11th April 2015: Dr. Lauren Redhead: Performance of music for organ and electronics at St Laurence, Catford – Automatronic Spring Festival 4 – with KE support from CCCU, 4.30pm
11th April 2015: Composition: ‘English Landscape Painting‘ by Dr. Matthew Wright performed by Pablo Moreno @ DePaul University, Chicago, USA
14th-18th April 2015: Paper Presentation as part of symposium on ‘Strategies for increasing motivation during instrumental learning’: Encouraging collective experimentation and improvisation through Group Ear Playing in Higher Education. 9th International Research in Music Education Conference, Exeter
14th-16th April 2015: Workshop/Performance: The Battle Of Boat, Anselm Studios, Canterbury. Cut Feather Theatre in association with Gateways To WW1 and Dr Emma Hanna (University of Greenwich) workshop the latest work by Ethan Lewis Maltby and Jenna Donnelly – with KE support from CCCU. www.thebattleofboat.com
25th April 2015: Composition: ‘Totem for Gobi-New York’ by Dr. Matthew Wright, performed by Evan Parker + Matthew Wright @ Anselm Studio 1, Canterbury Christ Church University, Canterbury Campus, UK
11th May 2015: Performance Lecture: ‘Afroacousmatic’ by Dr. Matthew Wright, Centre for Practice-Based Research in the Arts, Canterbury Christ Church University
7 May 2015: Research Seminar on Polish theatre in the context of English-language tradition as 2015 marks 250th anniversary of Polish public theatre. Speakers: Prof Paul Allain (University of Kent) ‘To the Poles! – the reception of Polish theatre in the UK’ and Dr Kasia Lech (CCCU) ‘Let’s foreignize! English language and its culture in recent stagings of Polish national dramas’
May 2015: Fragkou, M. Entry on the ‘Ethics of Voting’ in Acts of Voting: A Lexicon in Contemporary Theatre Review’s Interventions online section: More info
May 2015: Dr. Marissia Fragkou: Book contract for monograph secured with Bloomsbury Methuen (Drama Engage Series) entitled Ecologies of Precarity in Twenty-First Century Theatre: Politics, Affect, Responsibility. The monograph will offer a critical investigation of the reinvigoration of the political in contemporary British theatre. By focusing on the spiralling of uncertainty in the new millennium, the study will make a case for reading precarity as a political theatrical trope which carries the potential to re-animate our understanding of the ‘human’ and communal responsibility for the lives of Others.
20th May 2015: Guest Performance Lecture: ‘Afroacousmatic’ by Dr. Matthew Wright, City University, London
21st May 2015: One-day Symposium: On the New Technical Literacies at Play Within Contemporary Live Performance, featuring Dr Nic Hunt (Rose Bruford College), Jamie Griffiths (Digital Artist, Film Director, Performer), Dr Scott Palmer (University of Leeds). Canterbury Christ Church University, Anselm Studio 1, 9.30am-4pm.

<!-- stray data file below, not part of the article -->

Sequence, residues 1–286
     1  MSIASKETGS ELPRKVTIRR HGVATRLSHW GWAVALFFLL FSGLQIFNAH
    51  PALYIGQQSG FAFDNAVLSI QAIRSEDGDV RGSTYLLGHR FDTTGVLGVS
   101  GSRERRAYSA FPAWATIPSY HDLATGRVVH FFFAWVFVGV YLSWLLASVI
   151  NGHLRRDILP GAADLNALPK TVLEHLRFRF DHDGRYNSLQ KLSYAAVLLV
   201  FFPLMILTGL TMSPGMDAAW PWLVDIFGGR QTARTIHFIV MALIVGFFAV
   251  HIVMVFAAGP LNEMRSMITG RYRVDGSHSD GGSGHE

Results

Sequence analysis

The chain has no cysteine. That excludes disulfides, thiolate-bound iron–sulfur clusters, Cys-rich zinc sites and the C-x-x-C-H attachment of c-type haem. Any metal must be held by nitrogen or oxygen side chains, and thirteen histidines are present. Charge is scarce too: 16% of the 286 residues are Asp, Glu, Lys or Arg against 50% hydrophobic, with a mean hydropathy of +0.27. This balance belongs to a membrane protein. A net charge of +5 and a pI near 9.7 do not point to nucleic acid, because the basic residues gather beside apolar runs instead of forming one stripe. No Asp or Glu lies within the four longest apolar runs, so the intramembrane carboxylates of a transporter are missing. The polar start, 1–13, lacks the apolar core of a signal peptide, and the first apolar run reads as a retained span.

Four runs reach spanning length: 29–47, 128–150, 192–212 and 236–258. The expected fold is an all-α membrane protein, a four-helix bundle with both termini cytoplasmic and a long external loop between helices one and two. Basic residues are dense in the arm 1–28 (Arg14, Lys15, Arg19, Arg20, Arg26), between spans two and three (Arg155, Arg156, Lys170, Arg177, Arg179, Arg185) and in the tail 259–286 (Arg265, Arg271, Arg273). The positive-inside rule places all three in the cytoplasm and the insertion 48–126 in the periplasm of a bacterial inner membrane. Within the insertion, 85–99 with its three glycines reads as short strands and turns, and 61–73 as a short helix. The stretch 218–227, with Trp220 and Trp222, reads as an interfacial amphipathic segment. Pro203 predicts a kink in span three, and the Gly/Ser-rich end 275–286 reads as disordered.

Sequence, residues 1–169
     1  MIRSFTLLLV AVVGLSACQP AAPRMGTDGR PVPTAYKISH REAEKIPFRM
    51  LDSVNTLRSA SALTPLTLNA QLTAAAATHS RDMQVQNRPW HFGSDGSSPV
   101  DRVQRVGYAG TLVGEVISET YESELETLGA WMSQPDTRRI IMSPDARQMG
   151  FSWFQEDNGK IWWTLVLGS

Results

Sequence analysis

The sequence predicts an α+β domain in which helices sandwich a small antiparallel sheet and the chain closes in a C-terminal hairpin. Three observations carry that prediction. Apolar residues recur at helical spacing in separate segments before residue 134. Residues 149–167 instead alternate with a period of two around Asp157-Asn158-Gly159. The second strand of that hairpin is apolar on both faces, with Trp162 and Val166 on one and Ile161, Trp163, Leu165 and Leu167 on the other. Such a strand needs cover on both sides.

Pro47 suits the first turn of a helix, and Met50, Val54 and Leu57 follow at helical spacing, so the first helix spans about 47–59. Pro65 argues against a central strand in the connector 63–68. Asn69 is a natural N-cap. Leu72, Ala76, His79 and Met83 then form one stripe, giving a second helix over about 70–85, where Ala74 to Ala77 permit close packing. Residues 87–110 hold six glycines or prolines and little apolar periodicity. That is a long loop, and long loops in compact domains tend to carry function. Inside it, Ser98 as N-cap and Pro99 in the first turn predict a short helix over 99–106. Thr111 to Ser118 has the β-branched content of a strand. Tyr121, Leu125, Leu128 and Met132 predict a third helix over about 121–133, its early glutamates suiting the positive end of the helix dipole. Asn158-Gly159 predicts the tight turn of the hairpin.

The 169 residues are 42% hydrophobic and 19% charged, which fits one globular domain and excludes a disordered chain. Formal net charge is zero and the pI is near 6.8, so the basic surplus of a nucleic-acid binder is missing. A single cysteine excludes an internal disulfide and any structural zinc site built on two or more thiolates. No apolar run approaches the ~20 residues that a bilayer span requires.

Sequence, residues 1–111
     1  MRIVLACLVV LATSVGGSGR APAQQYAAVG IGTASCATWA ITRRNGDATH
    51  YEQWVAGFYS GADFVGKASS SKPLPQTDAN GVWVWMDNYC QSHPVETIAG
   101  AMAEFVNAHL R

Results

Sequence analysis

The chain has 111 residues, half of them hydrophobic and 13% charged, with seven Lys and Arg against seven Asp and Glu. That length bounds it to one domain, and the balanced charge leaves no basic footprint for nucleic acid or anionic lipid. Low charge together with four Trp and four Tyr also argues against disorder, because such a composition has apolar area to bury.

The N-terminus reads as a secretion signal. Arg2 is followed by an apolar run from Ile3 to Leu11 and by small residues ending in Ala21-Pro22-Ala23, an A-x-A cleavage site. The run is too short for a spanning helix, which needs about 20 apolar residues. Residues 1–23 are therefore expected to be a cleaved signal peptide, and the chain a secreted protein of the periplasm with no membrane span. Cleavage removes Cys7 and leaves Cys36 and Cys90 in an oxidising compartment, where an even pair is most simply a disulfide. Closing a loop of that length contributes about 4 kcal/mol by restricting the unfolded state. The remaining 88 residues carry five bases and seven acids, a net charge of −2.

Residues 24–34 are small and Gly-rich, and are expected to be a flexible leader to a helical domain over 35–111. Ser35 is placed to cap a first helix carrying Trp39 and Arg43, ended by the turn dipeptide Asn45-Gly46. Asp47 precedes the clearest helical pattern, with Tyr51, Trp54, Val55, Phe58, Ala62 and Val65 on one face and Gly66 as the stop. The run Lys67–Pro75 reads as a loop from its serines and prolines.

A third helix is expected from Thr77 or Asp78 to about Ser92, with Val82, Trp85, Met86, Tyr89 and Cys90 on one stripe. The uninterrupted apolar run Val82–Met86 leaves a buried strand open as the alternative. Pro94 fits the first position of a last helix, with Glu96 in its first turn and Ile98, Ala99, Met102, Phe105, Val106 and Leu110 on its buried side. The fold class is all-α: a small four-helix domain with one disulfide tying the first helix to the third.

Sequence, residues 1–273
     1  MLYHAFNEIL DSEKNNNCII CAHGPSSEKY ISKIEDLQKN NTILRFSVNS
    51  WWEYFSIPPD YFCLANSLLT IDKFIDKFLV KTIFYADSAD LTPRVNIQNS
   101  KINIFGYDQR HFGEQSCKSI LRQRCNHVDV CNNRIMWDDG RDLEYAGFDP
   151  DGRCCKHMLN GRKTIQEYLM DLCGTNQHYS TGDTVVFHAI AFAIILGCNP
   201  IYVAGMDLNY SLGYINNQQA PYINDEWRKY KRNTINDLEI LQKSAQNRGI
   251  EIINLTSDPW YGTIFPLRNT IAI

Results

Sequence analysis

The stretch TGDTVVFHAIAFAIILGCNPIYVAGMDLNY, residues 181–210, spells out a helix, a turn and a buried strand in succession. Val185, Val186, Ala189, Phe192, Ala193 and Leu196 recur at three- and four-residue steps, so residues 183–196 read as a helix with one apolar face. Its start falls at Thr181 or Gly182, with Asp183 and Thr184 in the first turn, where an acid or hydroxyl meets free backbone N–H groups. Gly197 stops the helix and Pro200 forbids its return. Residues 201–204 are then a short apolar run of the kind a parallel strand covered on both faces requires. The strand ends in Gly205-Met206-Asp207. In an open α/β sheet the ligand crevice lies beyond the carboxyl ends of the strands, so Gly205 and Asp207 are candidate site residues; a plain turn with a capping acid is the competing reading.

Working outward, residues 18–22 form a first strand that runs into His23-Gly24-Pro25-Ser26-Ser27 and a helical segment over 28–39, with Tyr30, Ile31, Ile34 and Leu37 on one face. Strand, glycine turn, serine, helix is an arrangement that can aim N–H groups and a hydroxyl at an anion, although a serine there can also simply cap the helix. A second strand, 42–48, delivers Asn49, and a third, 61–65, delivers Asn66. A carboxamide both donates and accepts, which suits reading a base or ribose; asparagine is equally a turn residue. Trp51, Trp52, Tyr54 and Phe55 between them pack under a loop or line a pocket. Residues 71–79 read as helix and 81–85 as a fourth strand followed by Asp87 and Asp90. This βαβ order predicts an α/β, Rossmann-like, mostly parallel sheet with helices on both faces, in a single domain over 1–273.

4th June 2015: Research Seminar in Music organised by Dr. Erica Buurman – Dr. Jennifer Walshe (Brunel University) ‘Composing in the Extended Field’, 5pm-6.30pm, Mdf04, Canterbury Christ Church University, Canterbury Campus
4th June 2015: Chris Price: The Folly of the Farce is Done – Death and Grief in Convivial Song Durham University Centre for 19th-Century Studies
10 June 2015: Research Seminar. Speaker: Professor David Owen Norris (University of Southampton) ‘The Reverend Thomas Oldfeld Bartlett, the composing Vicar of Swanage (1788-1841)’ and Chris Price (CCCU) ‘”Unsung Singers”: the musicians of Canterbury 1770-1865’. MDf08 5pm.
29th June 2015: MPA Research Festival (DAY 1): Broadstairs Campus, Canterbury Christ Church University: Cg47 + Cg48, 10.30am-5pm
July 2015: Dr. Marissia Fragkou: Book chapter ‘Precarious Citizenship in Rimini Protokoll’s Prometheus in Athens’ in Hager, P. and Zaroulia, M. (eds.) Performances of Capitalism, Crises and Resistance: Inside/Outside Europe. Basingstoke: Palgrave, pp. 171-192.
July-August 2015: Performance: Yangalang Theatre, Edinburgh Fringe Festival. Cut Feather Theatre co-produce Yangalang Theatre’s 2015 Edinburgh Fringe Festival performance – with KE support from CCCU. More info
1 July 2015: ‘Performance, Ecology, Responsibility’ symposium organized by Dr Marissia Fragkou and Dr Kasia Lech in partnership with the Centre for Practice-Based Research in the Arts (CCCU) and ETRN (Kent). (Powell Building). The symposium is followed by a round-table discussion on ‘Future Ecologies’ with guest speakers (St Greg’s). More Info
2nd July 2015: MPA Research Festival (DAY 2): North Holmes Road Campus, Canterbury Christ Church University: Mdg01, 10.30am-5pm
9-11 July: Chris Price: “‘Not of Heroic Build’: The Literate Glee” 10th conference on Music in 19th-Century Britain, Royal Conservatoire of Scotland, Glasgow.